Solving Cities

New York City wants more 'micro' apartments

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NYC is holding a contest to create a building filled with apartments smaller than 300 square feet.

In New York City, 1.8 million households are inhabited by only one or two people. But the city doesn't have the housing stock to match the demographic. Only about 1 million apartments in the city are studios or one-bedrooms.

To better accomodate the increasing small-household population, New York Mayor Michael Bloomberg announced a contest earlier this week to develop an apartment building containing "micro" apartments.

The "adAPT NYC Competition" pilot project is looking for proposals for an apartment building that mostly consists of apartments smaller than legally required by zoning codes. Specifically, the city is looking for most of the apartments to be between 275 and 300 square feet. If you're wondering: yes, each unit will have its own bathroom and kitchen. Construction of the apartment building will eventually take place in a city-owned lot in the Kips Bay neighborhood (here).

(Mayor Michael Bloomberg walks through a floor layout of a tiny apartment. Photo: Edward Reed/NYC Office of the Mayor)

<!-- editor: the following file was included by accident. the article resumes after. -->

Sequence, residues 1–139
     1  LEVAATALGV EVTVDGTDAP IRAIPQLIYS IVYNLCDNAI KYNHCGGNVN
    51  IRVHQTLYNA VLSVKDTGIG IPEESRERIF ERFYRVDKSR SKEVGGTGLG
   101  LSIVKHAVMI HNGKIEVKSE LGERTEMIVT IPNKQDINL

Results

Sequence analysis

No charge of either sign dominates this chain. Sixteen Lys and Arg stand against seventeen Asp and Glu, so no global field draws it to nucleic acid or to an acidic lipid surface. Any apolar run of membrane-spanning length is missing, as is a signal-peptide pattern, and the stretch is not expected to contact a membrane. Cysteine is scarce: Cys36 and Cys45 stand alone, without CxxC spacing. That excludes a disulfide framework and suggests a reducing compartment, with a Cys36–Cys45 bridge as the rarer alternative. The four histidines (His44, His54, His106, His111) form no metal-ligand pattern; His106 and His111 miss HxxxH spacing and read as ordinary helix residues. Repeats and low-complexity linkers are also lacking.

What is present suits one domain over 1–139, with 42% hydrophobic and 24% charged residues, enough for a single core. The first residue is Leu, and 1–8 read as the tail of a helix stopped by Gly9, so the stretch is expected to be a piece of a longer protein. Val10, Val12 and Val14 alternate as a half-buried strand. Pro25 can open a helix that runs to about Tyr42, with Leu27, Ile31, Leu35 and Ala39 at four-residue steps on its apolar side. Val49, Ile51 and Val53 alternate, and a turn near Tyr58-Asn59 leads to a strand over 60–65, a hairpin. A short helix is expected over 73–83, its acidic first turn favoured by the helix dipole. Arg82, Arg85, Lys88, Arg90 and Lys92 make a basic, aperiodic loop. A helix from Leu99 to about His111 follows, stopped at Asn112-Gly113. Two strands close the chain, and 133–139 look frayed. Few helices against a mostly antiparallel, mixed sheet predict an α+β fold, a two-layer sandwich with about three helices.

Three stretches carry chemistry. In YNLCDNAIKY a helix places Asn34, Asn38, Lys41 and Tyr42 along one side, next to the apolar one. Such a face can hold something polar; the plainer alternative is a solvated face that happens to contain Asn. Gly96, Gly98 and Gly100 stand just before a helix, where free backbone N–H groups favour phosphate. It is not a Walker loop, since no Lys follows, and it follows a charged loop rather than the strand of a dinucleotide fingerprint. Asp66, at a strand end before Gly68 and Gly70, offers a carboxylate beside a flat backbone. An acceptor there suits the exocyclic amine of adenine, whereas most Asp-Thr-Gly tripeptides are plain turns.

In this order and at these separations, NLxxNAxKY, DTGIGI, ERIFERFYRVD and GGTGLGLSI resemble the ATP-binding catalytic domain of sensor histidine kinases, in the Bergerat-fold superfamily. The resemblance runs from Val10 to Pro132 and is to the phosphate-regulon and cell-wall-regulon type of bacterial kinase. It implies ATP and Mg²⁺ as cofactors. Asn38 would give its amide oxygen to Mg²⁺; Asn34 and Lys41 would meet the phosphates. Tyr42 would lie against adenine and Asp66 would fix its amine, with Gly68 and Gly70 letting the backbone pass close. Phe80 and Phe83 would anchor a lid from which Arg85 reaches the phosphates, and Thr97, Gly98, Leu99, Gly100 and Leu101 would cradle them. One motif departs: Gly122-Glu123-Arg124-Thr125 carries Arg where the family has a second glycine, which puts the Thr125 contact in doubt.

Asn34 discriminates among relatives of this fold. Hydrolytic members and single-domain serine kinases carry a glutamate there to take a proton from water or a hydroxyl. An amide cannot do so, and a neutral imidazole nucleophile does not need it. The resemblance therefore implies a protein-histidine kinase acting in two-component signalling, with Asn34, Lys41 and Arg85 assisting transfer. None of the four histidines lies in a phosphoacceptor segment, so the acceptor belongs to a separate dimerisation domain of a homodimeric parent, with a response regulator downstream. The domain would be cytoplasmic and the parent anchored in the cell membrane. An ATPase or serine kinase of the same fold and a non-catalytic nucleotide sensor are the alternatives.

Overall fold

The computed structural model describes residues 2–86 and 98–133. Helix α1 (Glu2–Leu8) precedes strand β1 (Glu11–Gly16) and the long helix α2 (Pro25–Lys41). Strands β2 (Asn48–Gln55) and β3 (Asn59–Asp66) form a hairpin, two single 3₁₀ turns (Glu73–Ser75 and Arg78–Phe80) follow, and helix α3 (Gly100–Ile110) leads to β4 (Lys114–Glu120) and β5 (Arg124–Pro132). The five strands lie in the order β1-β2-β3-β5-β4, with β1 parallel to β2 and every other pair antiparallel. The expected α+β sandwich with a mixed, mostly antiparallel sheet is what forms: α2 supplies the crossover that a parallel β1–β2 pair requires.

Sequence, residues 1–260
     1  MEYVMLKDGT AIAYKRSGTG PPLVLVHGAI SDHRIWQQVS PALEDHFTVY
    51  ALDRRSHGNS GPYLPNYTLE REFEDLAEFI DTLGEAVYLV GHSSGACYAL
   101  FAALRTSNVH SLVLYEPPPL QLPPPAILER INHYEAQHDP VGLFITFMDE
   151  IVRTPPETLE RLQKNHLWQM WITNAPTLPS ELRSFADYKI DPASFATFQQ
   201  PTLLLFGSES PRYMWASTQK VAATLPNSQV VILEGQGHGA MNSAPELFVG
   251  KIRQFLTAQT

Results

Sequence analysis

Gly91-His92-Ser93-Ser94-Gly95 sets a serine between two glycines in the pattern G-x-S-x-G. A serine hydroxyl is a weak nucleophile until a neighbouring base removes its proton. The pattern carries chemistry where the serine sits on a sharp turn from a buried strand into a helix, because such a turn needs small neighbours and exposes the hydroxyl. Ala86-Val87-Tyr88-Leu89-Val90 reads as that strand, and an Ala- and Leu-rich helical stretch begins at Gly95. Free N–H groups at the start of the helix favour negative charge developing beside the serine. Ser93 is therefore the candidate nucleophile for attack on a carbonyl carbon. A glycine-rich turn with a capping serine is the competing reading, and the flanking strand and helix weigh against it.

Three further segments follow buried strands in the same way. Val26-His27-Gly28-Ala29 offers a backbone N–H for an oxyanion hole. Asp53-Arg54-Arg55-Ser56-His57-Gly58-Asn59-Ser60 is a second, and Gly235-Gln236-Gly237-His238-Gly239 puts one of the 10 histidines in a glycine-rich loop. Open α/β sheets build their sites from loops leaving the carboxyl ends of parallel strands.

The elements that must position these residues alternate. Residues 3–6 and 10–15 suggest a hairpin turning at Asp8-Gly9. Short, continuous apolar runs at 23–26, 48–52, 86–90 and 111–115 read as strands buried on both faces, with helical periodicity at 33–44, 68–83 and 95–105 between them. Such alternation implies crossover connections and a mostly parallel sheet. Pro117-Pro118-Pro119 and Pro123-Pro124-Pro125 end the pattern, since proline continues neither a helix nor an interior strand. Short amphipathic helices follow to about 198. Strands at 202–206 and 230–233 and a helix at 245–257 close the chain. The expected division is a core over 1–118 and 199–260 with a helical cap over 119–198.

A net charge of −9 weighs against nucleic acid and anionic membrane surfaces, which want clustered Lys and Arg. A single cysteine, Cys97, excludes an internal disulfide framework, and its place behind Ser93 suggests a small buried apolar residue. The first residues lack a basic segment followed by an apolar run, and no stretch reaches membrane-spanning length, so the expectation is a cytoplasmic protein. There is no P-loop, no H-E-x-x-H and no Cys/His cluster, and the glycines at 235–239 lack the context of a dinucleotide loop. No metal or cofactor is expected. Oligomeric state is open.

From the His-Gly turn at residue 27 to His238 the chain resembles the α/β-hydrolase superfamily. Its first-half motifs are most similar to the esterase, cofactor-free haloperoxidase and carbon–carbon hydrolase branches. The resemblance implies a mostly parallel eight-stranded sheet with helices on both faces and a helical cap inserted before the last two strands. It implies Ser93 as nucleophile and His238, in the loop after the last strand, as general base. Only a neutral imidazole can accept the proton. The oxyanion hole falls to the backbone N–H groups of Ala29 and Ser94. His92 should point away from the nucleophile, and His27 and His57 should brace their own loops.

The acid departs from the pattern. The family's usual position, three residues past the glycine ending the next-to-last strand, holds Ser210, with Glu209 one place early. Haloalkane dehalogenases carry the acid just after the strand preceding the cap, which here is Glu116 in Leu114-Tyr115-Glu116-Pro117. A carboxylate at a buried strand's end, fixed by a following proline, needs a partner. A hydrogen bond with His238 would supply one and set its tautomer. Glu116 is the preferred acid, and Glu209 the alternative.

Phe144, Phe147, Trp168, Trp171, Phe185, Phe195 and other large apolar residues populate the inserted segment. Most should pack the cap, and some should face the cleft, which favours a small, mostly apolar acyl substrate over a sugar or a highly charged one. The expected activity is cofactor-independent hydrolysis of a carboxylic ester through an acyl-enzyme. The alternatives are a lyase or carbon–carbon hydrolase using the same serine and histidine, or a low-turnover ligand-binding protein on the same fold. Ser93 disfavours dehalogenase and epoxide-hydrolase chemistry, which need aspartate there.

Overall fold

"Developing housing that matches how New Yorkers live today is critical to the City's continued growth, future competitiveness and long-term economic success," said Mayor Bloomberg in a statement. "People from all over the world want to live in New York City, and we must develop a new, scalable housing model that is safe, affordable and innovative to meet their needs."

With stories of New York apartments that are less-than 100 square feet, it raises the question: does the city really need more tiny apartments? As Eric Klinenberg, a sociologist at New York University told The Village Voice: "We've probably needed housing for singletons for a long time, but we haven't recognized that need. We haven't really recognized the prevalence of people living alone in cities."

The fact that people are willing to live in sub-100 square foot apartments is more of a sign that small apartments are needed more than anything.

Top Photo: Flickr/colin_n

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Tyler Falk

Contributing Editor

Tyler Falk freelance journalist based in Washington, D.C. Previously, he was with Smart Growth America and Grist. He holds a degree from Goshen College. Follow him on Twitter. Disclosure